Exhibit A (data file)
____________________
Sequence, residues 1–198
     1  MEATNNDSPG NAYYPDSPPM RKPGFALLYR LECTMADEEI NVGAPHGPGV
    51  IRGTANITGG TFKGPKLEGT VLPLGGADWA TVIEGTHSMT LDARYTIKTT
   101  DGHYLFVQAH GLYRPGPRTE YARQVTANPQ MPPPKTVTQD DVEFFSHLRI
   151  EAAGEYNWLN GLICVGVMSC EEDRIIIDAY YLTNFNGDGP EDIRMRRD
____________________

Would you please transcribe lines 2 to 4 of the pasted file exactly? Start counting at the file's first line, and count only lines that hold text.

     1  MEATNNDSPG NAYYPDSPPM RKPGFALLYR LECTMADEEI NVGAPHGPGV
    51  IRGTANITGG TFKGPKLEGT VLPLGGADWA TVIEGTHSMT LDARYTIKTT
   101  DGHYLFVQAH GLYRPGPRTE YARQVTANPQ MPPPKTVTQD DVEFFSHLRI